Second Age made something of a splash last year with their production of Macbeth that toured the country. It imagined the Scottish bloodbath as a sort of an on-stage action movie that included strobe lights, Radiohead and some excellent battle choreography. The final product was, as its typical teenage audience member might say, OTT, but it nonetheless provided a bold new route into the tragedy.
They return to Shakespeare this winter with a production of Romeo and Juliet, a play lacking in neither spilled blood nor emotional fireworks. So it’s notable to see Second Age taking an almost opposite approach in retelling that very familiar story of warring families and tragic teenage love. In place of pyrotechnics, a somewhat austere feeling pervades, which seems intended to tell us something about the play’s morose heart.
Shakespeare’s original script includes over 20 speaking parts. Second Age entrusts this production to a mere six actors, who – bar Jack Hickey who ‘only’ plays Romeo – dutifully perform multiple roles, with all of the female actors swapping genders. It’s an approach that never overwhelms the cast. Director Conor Hanratty’s decision to cast Megan Riordan as both amorous Juliet and her bloodthirsty cousin Tybalt was inspired: here we have the two-sided coin of Capulet passion (Riordan is believable in both roles), seduced and slayed by a Montague. For all the double-jobbing, two characters especially stood out. Amy Conroy infuses her Nurse with a delightful amount of Irish mammy, while Karl Quinn stole the show with his performance of bawdy Mercutio. Hanratty has extracted every suggestive morsel from Mercutio’s lines and Quinn performs them all with a ribald, slightly camp and beyond suggestive zest.
And while we can assume the Capulets and Montagues lived relatively opulent lives as Verona socialites, Maree Kearns’s stage design also shares a feeling of restraint. A Roman arch fills the background space in front of a semicircular staircase, while a few white boxes which function as chairs and later as Juliet’s deathbed complete the set. In one eye-catching set piece, Conroy lip-synchs into a vintage microphone to a Brazilian swing number as Romeo and Juliet’s eyes meet for the first time, but by and large this production rarely diverts from the linear urgency of the text and rests with the actors’ negotiation of it.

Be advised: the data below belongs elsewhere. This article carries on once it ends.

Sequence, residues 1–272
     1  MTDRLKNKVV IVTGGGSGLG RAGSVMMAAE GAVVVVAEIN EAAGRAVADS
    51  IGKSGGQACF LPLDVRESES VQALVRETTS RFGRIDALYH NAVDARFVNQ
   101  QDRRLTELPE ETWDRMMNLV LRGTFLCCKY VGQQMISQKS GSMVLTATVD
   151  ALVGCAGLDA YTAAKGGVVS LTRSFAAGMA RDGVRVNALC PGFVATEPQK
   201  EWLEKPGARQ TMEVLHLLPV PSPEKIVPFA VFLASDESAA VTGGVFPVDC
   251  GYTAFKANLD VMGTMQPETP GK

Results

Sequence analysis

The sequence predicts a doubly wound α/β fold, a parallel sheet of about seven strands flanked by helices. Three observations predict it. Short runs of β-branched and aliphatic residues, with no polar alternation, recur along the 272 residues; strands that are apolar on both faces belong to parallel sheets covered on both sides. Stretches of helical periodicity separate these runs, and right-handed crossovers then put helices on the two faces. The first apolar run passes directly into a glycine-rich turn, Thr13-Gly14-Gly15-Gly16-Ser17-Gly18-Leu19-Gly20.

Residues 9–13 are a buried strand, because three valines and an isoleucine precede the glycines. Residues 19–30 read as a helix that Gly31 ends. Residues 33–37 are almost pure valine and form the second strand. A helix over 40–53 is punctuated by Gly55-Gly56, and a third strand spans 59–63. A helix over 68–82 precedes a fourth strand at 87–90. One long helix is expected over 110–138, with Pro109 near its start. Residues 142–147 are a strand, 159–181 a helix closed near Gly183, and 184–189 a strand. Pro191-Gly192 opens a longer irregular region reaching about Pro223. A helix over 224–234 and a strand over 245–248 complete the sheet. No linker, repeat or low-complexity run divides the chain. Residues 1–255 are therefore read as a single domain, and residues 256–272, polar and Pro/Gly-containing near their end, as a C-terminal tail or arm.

Much of that pressure is borne by the star-crossed lovers. There’s a sort of boy band safeness about lanky Hickey and his Romeo, and almost like a pop star, he slyly crouched to deliver his lines in the direction of the audience (and even jumped off stage when Mercutio and Benvolio return from the party). The passion he and Juliet share is certainly believable and brought to life in a number of long, arduous kisses. It is only during those final two acts of engulfing gloom (elaborated nicely by Kevin’s Smith’s lighting design), as Shakespeare conspires to bring about the couple’s demise, that the production stutters. Once Mercutio declares that plague upon both houses and Romeo is exiled to Mantua, the production reverts to a stricter reading of the text which lacks the unexpected theatrical touches that set Second Age apart.
Ivan Birthistle and Vincent Doherty’s sound design provided naturalistic layers onto the minimal production stage design – adding in cricket chirps during Romeo and Juliet’s evening courtship and tinny echoes when Romeo discovers his lover prostate in the Capulet’s burial vault. Hanratty seemed most interested in making the Bard accessible, and throughout, the Elizabethan English of the cast, especially Michael Glenn Murphy and Gina Moxley, was crisp and clear.
They may be one of the world’s most famous couples, but Romeo and Juliet’s actual romance is rather brief. Shakespeare expends far more energy in aligning the details of their mutual deaths. “Never was a story of more woe told” declares the Prince at the tragedy’s conclusion before a church bell gongs. This is a sturdy production that promises much, and yet even with actors swapping characters frenetically, is handicapped in the end by its own fealty to Shakespeare’s original text.
Donald Mahoney is a writer based in Dublin. His work has appeared in the Dublin Review, the International Herald-Tribune, the LA Times, The Irish Times and others.